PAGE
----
Is Mercury Still Used in the Making of Men's Dress Hats?  -Warren, Boise ID

Great Question, Warren!  I'm going to do the best I can to answer this one, because it's an excellent question, but if some other hat expert has anything to add, please comment and I'll gladly update and edit this post.

In some places in the world, Mercury, in small amounts, may still used in the felting process of men's hats.  Most places, however, have found an acceptable alternative in Hydrogen Peroxide.  For hundreds of years, hatters had used mercuric nitrate on rabbit and beaver felt hats to separate the furs from the pelts in a process called "carroting."  In the old days, ventilation was often poor and the effects of inhaled mercury were not well understood, and many of the men who were felting the hats would inhale enough mercury to cause ill effects, hence the "mad hatter" syndrome.

Due to the Alice in Wonderland character, this is often thought of as a problem overseas, but mercuric nitrate was used in the US and all around the world in the felt hat manufacturing process, including right here at Levine Hat Company when we made our own felts all the way into the 1940s.  By the early 1900s, when we were felting a lot of bodies, we already understood the dangers of mercury and achieved much of our carroting with less mercury and more boiling, not to mention we had masks, fans and ventilation due to the heat of our factory anyway.  At some point our factory may have switched to Hydrogen Peroxide, which was slightly less expensive and much less dangerous (if a slightly longer process)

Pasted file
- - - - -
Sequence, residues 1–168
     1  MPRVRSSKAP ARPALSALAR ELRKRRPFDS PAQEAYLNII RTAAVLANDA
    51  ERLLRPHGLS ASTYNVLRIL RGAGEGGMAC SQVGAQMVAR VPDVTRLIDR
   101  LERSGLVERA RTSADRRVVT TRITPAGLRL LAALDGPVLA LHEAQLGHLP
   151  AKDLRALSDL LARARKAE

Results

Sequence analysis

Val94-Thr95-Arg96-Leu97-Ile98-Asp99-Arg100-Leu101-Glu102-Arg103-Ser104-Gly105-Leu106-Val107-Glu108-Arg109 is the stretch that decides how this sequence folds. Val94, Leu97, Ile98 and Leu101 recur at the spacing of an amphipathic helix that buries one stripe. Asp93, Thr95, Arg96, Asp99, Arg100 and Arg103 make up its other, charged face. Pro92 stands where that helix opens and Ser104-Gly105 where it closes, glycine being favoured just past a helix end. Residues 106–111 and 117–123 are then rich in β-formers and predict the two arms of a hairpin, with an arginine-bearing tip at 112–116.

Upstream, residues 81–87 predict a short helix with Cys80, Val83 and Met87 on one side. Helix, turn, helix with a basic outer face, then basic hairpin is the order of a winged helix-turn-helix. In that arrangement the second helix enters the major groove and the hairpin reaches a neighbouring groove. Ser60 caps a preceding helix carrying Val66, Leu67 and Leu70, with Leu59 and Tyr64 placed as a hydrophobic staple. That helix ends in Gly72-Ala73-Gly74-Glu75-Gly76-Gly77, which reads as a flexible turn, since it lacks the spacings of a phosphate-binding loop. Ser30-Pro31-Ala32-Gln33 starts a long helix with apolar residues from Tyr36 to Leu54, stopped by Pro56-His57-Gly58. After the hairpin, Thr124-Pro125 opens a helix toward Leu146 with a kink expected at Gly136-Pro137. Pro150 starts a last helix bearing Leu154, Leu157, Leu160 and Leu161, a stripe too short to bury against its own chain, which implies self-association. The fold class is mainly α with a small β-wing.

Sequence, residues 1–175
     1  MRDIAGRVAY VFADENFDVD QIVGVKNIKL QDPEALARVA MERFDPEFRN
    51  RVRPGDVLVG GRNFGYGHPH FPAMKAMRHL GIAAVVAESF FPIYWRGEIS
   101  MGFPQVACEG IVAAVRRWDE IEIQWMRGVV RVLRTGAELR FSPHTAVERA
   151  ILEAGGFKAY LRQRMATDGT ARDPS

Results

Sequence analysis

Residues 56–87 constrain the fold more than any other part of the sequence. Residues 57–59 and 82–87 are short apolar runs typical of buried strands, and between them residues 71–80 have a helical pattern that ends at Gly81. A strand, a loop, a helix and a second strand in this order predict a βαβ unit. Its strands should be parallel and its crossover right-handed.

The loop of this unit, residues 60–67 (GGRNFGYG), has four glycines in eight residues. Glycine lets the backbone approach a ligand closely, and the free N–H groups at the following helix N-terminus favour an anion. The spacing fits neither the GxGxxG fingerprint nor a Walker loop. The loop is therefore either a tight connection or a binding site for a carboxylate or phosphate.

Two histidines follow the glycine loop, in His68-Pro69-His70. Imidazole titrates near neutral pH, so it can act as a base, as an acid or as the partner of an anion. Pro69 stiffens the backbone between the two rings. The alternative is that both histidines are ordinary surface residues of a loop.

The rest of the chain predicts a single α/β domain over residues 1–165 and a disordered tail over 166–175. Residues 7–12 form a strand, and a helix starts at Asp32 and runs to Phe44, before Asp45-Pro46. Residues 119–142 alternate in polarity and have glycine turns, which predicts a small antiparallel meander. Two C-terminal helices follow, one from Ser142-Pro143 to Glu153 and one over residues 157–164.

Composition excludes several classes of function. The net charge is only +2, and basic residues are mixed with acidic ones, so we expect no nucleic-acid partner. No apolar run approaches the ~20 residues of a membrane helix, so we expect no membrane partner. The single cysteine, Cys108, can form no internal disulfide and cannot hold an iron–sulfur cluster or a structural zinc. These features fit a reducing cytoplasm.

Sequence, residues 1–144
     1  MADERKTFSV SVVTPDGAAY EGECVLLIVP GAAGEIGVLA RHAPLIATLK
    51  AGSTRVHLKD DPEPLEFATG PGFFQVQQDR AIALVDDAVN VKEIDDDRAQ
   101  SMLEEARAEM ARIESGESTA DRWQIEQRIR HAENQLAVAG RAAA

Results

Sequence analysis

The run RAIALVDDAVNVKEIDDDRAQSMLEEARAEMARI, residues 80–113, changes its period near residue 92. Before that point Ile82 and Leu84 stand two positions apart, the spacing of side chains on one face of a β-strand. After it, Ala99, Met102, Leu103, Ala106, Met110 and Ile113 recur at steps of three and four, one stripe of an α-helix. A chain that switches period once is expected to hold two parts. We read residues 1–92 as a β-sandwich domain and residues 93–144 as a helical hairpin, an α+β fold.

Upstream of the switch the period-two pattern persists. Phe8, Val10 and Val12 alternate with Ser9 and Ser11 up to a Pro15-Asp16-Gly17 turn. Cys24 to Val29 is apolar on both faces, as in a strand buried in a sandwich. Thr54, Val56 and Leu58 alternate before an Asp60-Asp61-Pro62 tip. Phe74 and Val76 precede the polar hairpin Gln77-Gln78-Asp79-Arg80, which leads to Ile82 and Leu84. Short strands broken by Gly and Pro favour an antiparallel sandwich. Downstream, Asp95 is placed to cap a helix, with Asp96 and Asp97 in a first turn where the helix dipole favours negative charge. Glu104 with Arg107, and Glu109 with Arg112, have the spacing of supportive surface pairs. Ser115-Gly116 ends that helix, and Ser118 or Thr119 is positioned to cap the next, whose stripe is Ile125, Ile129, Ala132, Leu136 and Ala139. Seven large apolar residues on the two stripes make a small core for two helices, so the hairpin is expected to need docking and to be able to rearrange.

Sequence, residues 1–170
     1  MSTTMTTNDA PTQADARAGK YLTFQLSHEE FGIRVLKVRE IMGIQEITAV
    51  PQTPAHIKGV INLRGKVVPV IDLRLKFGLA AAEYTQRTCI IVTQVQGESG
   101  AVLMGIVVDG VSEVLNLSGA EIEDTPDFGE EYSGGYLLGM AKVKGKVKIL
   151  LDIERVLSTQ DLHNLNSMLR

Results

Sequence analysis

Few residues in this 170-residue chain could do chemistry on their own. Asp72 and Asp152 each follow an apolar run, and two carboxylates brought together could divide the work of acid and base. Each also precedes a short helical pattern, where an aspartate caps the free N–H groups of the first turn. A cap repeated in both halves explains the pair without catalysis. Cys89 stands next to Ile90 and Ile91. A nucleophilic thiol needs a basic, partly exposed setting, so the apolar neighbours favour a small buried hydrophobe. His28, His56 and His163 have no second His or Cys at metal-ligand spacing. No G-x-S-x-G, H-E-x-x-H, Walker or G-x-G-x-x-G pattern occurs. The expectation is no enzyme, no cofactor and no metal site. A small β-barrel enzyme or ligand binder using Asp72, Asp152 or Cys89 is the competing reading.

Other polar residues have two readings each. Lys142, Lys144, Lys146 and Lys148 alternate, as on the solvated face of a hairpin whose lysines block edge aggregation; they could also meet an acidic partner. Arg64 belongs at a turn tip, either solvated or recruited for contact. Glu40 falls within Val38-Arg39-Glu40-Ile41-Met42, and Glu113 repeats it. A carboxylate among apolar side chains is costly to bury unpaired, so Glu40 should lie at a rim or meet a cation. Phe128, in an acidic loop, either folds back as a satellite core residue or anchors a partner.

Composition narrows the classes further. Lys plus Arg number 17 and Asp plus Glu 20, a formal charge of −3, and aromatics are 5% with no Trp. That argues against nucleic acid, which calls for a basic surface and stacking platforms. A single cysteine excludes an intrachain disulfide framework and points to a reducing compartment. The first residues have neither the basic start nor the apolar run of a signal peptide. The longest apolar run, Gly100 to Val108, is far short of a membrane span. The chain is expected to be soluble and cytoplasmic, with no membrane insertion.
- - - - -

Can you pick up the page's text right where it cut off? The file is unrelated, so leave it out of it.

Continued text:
The last recorded cases of "mad hatter" syndrome were in the early 1940s, and it is common knowledge that readily available Hydrogen Peroxide can achieve mostly the same result as the old Mercury, and it is much easier to acquire, so it's hard to understand why anyone would still be using the old mercury method in making felt for men's dress hats!

I hope that answered your question!